Industry too focused on price, say KSA watchers

Experts have called for the contract system in Saudi Arabia to be overhauled. They have said that many construction contracts are currently awarded to the lowest bidder, and not the most competent company.

The habit of awarding contracts to the lowest bidder is undermining safety and quality
The habit of awarding contracts to the lowest bidder is undermining safety and quality

Experts have called for the contract system in Saudi Arabia to be overhauled. They have said that many construction contracts are currently awarded to the lowest bidder, and not the most competent company.

The nation's construction industry is booming, with an estimated US $300 billion (SAR1.1 trillion) worth of projects being undertaken.

But many feel that the present contract system must be changed as it is leading to poor quality of work and a lapse in health and safety standards.

One project manager, who asked not to be named, told CW: "The situation here is that the lowest bidder is given the contract and then people wonder why so many people are killed on sites.

"We need to be in the situation, which is starting to happen in other parts of the GCC, where the most competent firms with the best safety records are given the contracts.

"I have been here quite a few years and it is slowly starting to change. We are leaning on the pyramid and making some headway, but it is slow progress.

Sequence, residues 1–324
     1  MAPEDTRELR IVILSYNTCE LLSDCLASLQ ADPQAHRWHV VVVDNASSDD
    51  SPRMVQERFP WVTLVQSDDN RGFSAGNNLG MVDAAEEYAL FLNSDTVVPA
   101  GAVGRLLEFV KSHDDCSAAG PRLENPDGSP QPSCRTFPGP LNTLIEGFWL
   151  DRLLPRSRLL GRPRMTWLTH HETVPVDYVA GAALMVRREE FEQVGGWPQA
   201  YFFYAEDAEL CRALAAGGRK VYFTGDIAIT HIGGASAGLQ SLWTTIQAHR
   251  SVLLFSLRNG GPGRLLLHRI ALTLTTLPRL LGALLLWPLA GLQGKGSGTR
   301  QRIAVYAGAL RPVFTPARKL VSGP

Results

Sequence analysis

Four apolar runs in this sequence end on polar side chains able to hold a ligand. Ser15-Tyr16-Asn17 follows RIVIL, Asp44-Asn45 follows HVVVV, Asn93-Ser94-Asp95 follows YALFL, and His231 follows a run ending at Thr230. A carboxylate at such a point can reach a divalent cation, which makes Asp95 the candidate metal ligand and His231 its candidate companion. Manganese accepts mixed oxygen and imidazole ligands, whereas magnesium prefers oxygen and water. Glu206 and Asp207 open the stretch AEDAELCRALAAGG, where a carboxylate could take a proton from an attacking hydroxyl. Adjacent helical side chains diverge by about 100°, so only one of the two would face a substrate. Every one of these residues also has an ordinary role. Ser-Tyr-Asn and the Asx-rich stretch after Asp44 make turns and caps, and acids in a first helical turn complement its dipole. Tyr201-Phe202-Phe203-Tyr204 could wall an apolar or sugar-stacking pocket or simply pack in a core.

John Gibbs, health and safety manager, Saudi Arabian Bechtel Company, agreed that cost should not be the most important factor in deciding tenders.

"We need a process that will ensure that contracts are awarded on technical competency and not on lowest price," said Gibbs.

Worker safety was another important issue which needed addressing, the experts claimed. The project manager said: "Currently, injuries and deaths on roads must be among the highest in the world, and the same could probably be said for construction sites.

Many construction accidents are not reported, recorded or given enough credence.

"The general lack of internationally-recognised company standards does harm the reputation of the country as a whole and I hope this can be changed. The industry needs to modernise and modernise quickly.

Elfatih Idris is general sales manager for crane provider Saudi Liebherr. "The big companies are very interested in [health and safety], but the smaller crane operators are not so interested," he said.

Small companies are into an economically cheap solution, which means they're less interested in training and some of them allow untrained people to operate cranes."

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